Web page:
Audible Feedback

This is a complete jump with the Prodigy 2 and FlySight.

The FlySight audio track comes from the jumper being filmed. The audio was reconstructed afterward, using information recorded during the jump, and then overlaid on the original video. The reconstructed audio track was produced by a FlySight, and recorded directly from its audio output, in order to make the reconstruction as authentic as possible. Synchronization was accomplished using the FlySight's LED, so the audio is as close as possible to real time.

The FlySight was in glide ratio mode with a maximum of 1.5:1. On this particular jump we had a significant headwind, but you can see that the tones produced by the FlySight still clearly identify changes in glide ratio resulting from slightly different body positions.

Andrew Levson is the man behind the camera. The jumper being filmed is Michael Cooper.

Logged Data

FlySight handles the dynamics of freefall exceptionally well. FlySight can be turned on a few minutes before exit, and begins providing audible feedback immediately after exit.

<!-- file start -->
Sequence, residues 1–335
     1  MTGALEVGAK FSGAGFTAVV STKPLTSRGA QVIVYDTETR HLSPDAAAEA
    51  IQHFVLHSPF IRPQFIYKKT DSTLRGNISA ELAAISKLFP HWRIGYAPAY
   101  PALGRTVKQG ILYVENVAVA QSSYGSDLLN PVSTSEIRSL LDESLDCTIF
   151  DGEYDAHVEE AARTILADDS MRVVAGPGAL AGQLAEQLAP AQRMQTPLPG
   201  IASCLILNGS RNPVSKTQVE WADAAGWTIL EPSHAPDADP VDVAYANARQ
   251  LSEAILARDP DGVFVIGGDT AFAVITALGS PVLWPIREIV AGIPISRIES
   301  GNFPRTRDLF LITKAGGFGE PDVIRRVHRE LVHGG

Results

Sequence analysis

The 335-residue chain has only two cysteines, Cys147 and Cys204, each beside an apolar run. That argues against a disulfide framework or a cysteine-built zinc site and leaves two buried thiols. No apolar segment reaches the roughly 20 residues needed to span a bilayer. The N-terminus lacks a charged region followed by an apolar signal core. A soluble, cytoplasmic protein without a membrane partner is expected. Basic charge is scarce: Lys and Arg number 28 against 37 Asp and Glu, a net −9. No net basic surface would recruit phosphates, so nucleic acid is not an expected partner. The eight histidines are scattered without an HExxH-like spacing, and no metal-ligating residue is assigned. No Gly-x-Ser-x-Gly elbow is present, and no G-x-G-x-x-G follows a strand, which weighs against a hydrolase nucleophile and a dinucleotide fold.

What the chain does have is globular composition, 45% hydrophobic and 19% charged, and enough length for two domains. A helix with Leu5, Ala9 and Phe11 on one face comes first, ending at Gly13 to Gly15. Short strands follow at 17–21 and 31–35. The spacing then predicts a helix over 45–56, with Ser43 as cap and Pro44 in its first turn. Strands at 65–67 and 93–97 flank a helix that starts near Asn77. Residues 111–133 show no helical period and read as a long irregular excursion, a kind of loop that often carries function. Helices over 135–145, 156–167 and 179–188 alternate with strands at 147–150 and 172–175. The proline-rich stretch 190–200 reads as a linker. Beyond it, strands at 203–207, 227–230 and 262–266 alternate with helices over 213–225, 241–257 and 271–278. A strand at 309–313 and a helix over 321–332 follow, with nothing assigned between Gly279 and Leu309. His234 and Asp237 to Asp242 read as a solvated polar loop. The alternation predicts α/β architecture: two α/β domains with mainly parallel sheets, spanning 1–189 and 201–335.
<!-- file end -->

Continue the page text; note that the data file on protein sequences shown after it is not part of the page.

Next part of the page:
Here, we discuss a sample data set from a jump using the Prodigy 2 (not the same jump as the video above). The log file itself can be downloaded here:

Log file

For this flight, there was a moderate wind from the west. The flight line went west about 1.25 km, then north 0.75 km, then 2 km east.

On the right, you can see a plot of glide ratio for this flight. To determine glide ratio, FlySight uses velocities provided directly by the u-blox receiver. For real-time feedback, this is enormously superior to a method based on differences in position, because the receiver's velocities are accurate to 0.1 m/s.

As expected, the glide ratio going west is slightly worse than on the return flight, because of the wind. One of the remarkable things about FlySight's real-time feedback is that the precise value of the glide ratio is not important. What is most clearly perceived is the change in glide ratio due to changes in body position.

glide ratio and elevation

glide ratio and vertical speed

To the left is a plot showing glide ratio compared with vertical speed.

Low vertical speed sometimes indicates high glide ratio, but you can see from this plot that the two are not quite the same. For example, early in the jump, vertical speed climbs while glide ratio levels out.

Although it is not completely clear in this data set, there are hints that minimizing vertical speed will not necessarily maximize glide ratio. In future jumps, we hope to record data which explores this relationship further—for example, by demonstrating increasing glide ratio with increasing vertical speed.